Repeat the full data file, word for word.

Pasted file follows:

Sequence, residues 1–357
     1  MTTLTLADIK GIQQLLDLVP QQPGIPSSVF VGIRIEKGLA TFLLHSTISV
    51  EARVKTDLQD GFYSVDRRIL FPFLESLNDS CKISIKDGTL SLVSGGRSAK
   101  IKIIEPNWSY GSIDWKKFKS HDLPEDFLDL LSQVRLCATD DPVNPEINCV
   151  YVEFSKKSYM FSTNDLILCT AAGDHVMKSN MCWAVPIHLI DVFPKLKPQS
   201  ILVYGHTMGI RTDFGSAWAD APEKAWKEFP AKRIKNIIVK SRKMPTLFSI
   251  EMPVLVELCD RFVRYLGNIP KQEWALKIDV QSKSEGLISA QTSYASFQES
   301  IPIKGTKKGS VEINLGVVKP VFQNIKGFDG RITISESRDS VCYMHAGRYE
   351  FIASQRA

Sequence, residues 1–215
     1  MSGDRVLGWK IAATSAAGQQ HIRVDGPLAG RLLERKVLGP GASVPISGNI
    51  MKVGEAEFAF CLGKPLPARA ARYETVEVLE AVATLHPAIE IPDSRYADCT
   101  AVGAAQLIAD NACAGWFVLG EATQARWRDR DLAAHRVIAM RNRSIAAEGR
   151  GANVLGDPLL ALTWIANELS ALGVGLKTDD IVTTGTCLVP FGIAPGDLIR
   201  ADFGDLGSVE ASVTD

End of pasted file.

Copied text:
Sequence, residues 1–357
     1  MTTLTLADIK GIQQLLDLVP QQPGIPSSVF VGIRIEKGLA TFLLHSTISV
    51  EARVKTDLQD GFYSVDRRIL FPFLESLNDS CKISIKDGTL SLVSGGRSAK
   101  IKIIEPNWSY GSIDWKKFKS HDLPEDFLDL LSQVRLCATD DPVNPEINCV
   151  YVEFSKKSYM FSTNDLILCT AAGDHVMKSN MCWAVPIHLI DVFPKLKPQS
   201  ILVYGHTMGI RTDFGSAWAD APEKAWKEFP AKRIKNIIVK SRKMPTLFSI
   251  EMPVLVELCD RFVRYLGNIP KQEWALKIDV QSKSEGLISA QTSYASFQES
   301  IPIKGTKKGS VEINLGVVKP VFQNIKGFDG RITISESRDS VCYMHAGRYE
   351  FIASQRA

Sequence, residues 1–215
     1  MSGDRVLGWK IAATSAAGQQ HIRVDGPLAG RLLERKVLGP GASVPISGNI
    51  MKVGEAEFAF CLGKPLPARA ARYETVEVLE AVATLHPAIE IPDSRYADCT
   101  AVGAAQLIAD NACAGWFVLG EATQARWRDR DLAAHRVIAM RNRSIAAEGR
   151  GANVLGDPLL ALTWIANELS ALGVGLKTDD IVTTGTCLVP FGIAPGDLIR
   201  ADFGDLGSVE ASVTD